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Building an emotionally intelligent workplace

In the second of our two-part series on Emotional Intelligence we look at simple steps to building an emotionally intelligent workplace.

Fostering emotional intelligence (also called the Emotional Quotient, or EQ)  at work can help your employees work more productively and be more receptive to change.

At managerial level, emotional intelligence can help your leadership team to build positive relationships with those they manage; effectively delivering difficult feedback when required, remaining calm under pressure, leading by example and resolving conflict effectively.

A leader with developed emotional intelligence has the ability to make the right decision first time because EQ offers a wider lens by which to see which course is the correct one.

In such an environment, employees feel truly valued and appreciated and are more likely to stick around when things get tough…think about the value of that in the content of the current pandemic environment!

So how can we foster emotional intelligence within a business? And what is the dollar investment to start?

The good news is that insight and awareness around the feelings of others is a skill that can be learned and developed. Many of the recommended EQ self-development techniques for individuals have the benefit of being either low cost or no cost.  Check out these two examples:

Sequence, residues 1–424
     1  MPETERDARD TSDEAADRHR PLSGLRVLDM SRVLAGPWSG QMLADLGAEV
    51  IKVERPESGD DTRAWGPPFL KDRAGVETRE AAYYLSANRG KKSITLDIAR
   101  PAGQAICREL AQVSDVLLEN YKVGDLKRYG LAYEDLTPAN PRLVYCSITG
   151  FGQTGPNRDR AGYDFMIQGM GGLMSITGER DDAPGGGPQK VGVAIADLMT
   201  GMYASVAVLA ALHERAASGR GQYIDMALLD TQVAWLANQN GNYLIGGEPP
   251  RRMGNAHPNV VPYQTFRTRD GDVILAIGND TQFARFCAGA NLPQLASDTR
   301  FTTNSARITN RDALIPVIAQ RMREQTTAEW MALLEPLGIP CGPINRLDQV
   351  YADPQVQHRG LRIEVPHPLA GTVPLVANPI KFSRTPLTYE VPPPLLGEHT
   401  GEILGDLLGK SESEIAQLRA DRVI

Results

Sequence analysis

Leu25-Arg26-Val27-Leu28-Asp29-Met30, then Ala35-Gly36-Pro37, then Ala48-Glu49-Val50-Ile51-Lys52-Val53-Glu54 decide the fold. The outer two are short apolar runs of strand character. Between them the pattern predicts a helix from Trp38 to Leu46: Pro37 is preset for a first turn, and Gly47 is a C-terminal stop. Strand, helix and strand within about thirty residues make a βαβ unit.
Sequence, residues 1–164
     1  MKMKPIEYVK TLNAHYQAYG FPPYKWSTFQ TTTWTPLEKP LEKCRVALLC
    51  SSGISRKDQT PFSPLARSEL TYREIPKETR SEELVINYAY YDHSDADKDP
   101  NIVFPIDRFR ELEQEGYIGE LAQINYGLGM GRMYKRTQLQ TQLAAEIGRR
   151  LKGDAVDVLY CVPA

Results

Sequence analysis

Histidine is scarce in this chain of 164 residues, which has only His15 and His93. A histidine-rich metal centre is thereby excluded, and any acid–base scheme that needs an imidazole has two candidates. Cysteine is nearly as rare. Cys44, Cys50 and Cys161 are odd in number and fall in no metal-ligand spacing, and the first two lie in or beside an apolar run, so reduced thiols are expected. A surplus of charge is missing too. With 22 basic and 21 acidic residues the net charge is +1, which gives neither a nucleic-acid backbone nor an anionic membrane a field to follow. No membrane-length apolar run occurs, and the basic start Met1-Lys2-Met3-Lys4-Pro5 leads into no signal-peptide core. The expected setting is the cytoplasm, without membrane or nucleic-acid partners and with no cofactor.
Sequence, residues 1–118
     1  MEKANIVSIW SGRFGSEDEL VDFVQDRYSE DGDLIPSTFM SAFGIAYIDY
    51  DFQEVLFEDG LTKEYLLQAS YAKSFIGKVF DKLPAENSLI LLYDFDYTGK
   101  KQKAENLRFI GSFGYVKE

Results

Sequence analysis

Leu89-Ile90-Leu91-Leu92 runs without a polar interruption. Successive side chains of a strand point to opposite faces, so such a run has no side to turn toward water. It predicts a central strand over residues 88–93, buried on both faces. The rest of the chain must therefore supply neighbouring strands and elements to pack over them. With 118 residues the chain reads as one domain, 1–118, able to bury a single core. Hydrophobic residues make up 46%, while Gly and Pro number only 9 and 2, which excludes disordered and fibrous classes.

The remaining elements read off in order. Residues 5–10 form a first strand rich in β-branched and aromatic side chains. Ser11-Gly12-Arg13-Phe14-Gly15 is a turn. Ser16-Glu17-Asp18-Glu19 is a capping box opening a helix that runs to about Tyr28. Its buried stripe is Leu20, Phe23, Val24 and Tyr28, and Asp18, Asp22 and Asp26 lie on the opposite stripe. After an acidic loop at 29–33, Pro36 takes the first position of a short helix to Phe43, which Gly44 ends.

1. Everything starts at the top

Leaders set the tone for organisational culture and communication. The inability (or unwillingness) to effectively communicate with their team or collaborate with others may result in far-reaching consequences, including lower employee engagement and a higher turnover rate.

Role modelling your desired EQ here is key: model the behavioural responses that you want to see in others. Employees will typically mirror the behavioural standards set by their leaders. EQ demonstrated from the top equals the start of an emotionally intelligent workplace.

 2. Respond instead of reacting to conflict

During instances of conflict, emotional outbursts and feelings of anger are common. The emotionally intelligent person knows how to stay calm during stressful situations. These individuals are less likely to make impulsive decisions that can lead to even bigger problems. They understand that in times of conflict the goal is a resolution, and they make a conscious choice to focus on ensuring that their actions and words are in alignment with that.

Studies show that an emotionally intelligent workplace is one with an improved bottom line; seeing major increases in total sales and productivity as well as decline in employee turnover. And Bare Bones Consulting can help your business tap into this valuable resource. With over 20 years in the HR game including 16 years at HR Manager level, we are specialists in designing professional development programs that boost employee engagement and get the best from your people. Giving us a call costs nothing. Why not pick up the phone today?

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    Burleigh Town 4220,
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  • Bare Bones Consulting

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Note: Bare Bones Consulting provides HR services for employers. Employees seeking advice on workplace concerns should contact the Fair Work Infoline on 13 13 94.